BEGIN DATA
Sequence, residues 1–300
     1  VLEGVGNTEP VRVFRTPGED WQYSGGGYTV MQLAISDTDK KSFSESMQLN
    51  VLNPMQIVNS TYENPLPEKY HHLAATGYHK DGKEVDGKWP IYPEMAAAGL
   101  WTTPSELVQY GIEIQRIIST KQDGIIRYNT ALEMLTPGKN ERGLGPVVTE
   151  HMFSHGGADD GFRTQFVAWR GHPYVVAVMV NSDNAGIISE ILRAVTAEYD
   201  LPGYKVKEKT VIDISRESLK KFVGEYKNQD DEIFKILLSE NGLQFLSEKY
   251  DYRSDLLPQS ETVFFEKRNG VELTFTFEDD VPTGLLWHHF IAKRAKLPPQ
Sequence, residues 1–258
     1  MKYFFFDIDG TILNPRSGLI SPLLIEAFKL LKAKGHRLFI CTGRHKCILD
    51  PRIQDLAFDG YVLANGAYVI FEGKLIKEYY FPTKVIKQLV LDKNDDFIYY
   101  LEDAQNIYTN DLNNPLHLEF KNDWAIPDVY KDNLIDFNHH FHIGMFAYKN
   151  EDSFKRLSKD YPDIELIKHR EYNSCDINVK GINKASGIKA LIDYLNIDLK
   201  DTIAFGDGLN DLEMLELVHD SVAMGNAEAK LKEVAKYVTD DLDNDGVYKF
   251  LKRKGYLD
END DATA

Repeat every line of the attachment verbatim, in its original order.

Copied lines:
Sequence, residues 1–300
     1  VLEGVGNTEP VRVFRTPGED WQYSGGGYTV MQLAISDTDK KSFSESMQLN
    51  VLNPMQIVNS TYENPLPEKY HHLAATGYHK DGKEVDGKWP IYPEMAAAGL
   101  WTTPSELVQY GIEIQRIIST KQDGIIRYNT ALEMLTPGKN ERGLGPVVTE
   151  HMFSHGGADD GFRTQFVAWR GHPYVVAVMV NSDNAGIISE ILRAVTAEYD
   201  LPGYKVKEKT VIDISRESLK KFVGEYKNQD DEIFKILLSE NGLQFLSEKY
   251  DYRSDLLPQS ETVFFEKRNG VELTFTFEDD VPTGLLWHHF IAKRAKLPPQ
Sequence, residues 1–258
     1  MKYFFFDIDG TILNPRSGLI SPLLIEAFKL LKAKGHRLFI CTGRHKCILD
    51  PRIQDLAFDG YVLANGAYVI FEGKLIKEYY FPTKVIKQLV LDKNDDFIYY
   101  LEDAQNIYTN DLNNPLHLEF KNDWAIPDVY KDNLIDFNHH FHIGMFAYKN
   151  EDSFKRLSKD YPDIELIKHR EYNSCDINVK GINKASGIKA LIDYLNIDLK
   201  DTIAFGDGLN DLEMLELVHD SVAMGNAEAK LKEVAKYVTD DLDNDGVYKF
   251  LKRKGYLD